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3 Tutorials that teach Scientific Literacy
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Scientific Literacy

Scientific Literacy

Author: Jensen Morgan

This lesson explains how science is communicated.

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Source: Earth PD Lecture CC Scientific American PD Obama CC Internet CC

Video Transcription

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Hi. I'm Jensen Morgan. We're going to talk about some great concepts in environmental science. Today's topic is scientific literacy. So let's get started.

We're going to talk about scientific literacy, various communication platforms for scientific information, the peer review process, and open-access journal publishing.

"Scientific literacy" is the ability to understand and analyze as well as form opinions about scientific information and writing. This is an important skill because nowadays popular media is filled with scientific topics and information, such as theories, data, speculation, and opinion. Being able to sort through this information and correctly interpret it gives you the ability to develop your own informed opinions in response to it. It gives you the ability to separate subjective or biased statements from objective ones and overall understand the world around you better.

Science can be presented in a number of ways with various degrees of rigor. Scientists present their work in technical language to their peers in presentations, journals, or even posters. They sometimes also present their work to the general public in articles using nontechnical language.

Media-- which includes magazines, television, new shows, and even documentaries-- often choose to present new, risky, controversial, and exciting science to the general public with the goal of entertaining as well as informing. Media will often use a mixture of data, opinions, speculation, and personal testimony. Media often presents science with less rigor because it is subject to public opinion and private interests, which influence what and how information is disseminated.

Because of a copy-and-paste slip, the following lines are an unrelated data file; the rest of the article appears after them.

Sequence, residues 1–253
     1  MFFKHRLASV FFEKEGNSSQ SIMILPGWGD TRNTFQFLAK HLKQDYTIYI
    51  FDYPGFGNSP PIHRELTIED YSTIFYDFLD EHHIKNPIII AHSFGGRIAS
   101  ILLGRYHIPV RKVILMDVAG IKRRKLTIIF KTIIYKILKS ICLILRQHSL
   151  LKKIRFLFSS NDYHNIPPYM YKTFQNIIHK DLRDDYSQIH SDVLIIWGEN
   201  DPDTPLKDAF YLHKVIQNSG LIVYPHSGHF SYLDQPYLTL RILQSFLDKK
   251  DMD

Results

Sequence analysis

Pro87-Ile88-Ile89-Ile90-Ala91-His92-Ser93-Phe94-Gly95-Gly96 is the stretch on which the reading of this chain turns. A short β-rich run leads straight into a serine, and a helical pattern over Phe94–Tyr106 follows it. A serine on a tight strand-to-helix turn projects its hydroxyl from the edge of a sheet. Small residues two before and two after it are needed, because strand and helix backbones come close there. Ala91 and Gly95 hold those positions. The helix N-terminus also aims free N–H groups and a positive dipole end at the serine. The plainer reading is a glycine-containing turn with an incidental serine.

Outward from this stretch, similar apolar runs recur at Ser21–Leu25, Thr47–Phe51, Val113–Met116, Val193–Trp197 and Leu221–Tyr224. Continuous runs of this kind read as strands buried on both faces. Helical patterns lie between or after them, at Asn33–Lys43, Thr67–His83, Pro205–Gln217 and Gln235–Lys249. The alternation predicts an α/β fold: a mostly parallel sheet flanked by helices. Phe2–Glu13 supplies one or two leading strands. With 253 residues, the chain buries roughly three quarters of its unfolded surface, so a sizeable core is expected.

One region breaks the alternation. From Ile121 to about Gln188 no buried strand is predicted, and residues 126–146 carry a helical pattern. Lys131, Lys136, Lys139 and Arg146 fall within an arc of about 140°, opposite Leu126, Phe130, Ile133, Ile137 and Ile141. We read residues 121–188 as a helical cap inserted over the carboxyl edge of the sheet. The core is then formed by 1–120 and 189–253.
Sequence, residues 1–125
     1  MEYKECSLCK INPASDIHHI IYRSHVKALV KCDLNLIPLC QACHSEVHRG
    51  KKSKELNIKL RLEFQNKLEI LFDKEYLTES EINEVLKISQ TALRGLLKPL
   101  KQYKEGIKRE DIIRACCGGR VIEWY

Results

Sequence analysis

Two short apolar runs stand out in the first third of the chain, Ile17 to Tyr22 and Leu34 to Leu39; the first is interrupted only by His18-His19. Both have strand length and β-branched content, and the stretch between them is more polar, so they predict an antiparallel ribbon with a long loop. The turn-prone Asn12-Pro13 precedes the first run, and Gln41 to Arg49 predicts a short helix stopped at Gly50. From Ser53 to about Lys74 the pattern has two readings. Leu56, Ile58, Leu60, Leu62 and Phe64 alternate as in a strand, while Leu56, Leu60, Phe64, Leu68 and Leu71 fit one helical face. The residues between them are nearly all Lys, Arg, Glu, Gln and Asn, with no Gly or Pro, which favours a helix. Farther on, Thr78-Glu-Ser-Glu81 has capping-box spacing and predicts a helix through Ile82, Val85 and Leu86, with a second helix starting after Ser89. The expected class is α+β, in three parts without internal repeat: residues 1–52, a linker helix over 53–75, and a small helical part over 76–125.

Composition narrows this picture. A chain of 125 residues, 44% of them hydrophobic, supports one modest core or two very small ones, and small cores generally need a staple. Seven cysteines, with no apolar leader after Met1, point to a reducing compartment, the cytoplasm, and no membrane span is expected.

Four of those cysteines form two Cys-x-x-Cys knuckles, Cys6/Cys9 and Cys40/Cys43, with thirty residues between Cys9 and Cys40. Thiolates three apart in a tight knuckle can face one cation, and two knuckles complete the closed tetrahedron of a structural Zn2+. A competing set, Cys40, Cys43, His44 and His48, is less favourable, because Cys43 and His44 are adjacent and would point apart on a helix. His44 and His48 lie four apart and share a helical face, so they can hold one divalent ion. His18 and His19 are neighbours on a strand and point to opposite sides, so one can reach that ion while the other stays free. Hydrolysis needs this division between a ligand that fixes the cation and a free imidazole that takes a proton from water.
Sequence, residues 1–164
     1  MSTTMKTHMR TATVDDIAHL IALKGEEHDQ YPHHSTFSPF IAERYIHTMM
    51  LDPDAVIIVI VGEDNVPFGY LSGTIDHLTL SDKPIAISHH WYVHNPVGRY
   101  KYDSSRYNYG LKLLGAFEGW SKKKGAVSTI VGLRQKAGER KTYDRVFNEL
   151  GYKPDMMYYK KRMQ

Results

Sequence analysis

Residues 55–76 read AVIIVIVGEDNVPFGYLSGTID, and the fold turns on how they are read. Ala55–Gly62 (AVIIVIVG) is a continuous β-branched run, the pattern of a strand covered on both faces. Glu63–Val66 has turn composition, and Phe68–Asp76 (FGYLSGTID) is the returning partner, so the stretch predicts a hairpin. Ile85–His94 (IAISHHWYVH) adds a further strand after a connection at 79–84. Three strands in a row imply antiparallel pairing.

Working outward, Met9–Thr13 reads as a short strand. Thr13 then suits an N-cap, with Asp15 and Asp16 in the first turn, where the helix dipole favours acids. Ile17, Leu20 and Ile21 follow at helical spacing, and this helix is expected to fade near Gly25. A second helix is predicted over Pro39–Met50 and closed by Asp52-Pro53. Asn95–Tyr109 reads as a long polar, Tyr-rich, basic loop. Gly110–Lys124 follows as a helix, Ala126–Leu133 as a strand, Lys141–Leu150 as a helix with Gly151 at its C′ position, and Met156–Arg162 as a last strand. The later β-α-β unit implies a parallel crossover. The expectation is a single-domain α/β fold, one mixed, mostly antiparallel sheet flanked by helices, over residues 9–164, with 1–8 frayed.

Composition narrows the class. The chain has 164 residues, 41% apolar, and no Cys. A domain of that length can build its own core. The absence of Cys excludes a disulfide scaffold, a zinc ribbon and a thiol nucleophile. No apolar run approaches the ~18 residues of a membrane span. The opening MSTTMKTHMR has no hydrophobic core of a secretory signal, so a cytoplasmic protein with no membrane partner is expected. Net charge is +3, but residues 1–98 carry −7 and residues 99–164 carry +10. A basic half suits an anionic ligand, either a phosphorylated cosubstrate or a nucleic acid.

Scientific journals utilize a relatively high level of rigor through a peer review process while popular magazines, such as National Geographic, Time, Scientific American, Popular Science, and Newsweek do not. They present scientific information which is screened by an editor but not by a scientific peer review process.

Politicians tend to use scientific information in a generalized manner-- often influenced by their own agenda or opinion as well as that of the public. When consuming scientific information, it is important to be aware of the level of screening and review that it might have undergone and what biases it might be subject of.

Scientific information presented in a scientific journal is reviewed by a panel of experts along with a journal editor. They determine whether or not it is suitable and credible enough for publication. The panel and editor use a four-value criteria when reviewing an article.

The article is then first checked for scientific validity. Then it is checked for errors. Its methodology is evaluated. And finally, its relative importance and impact is evaluated as well.

There are some challenges and limitations to this process, however. Such as the journal and its reviewers may be biased to what it will publish or support. Different journals apply different levels of rigor to the review process, which creates inconsistency. The peer review process is lengthy, which can delay publication of new science.

To get a scientific article published, it can sometimes cost thousands of dollars, which may be too expensive for some scientists to afford. Even though the peer review process adds rigor, it does not always lead to the publication of the best new science within a reasonable amount of time due to these limitations. Because the peer review process can delay and control what science is published-- and therefore, read-- it also largely determines what science is accepted in the greater scientific community.

A potential solution to this is open-access publishing. This process is increasingly being utilized by peer review journals because it allows anyone with Internet access to get online and review the articles, which is accelerating the speed of publishing of new science. This is part of a larger trend of open access to libraries and databases, which is increasing global access to scientific information.

Now, let's have a recap. We talked about scientific literacy, various communication platforms to present science, the pros and cons of the peer review process, and up-and-coming open-access journal publishing and review. Well, that's all for this tutorial. I hope these concepts have been helpful, and I look forward to next time. Bye.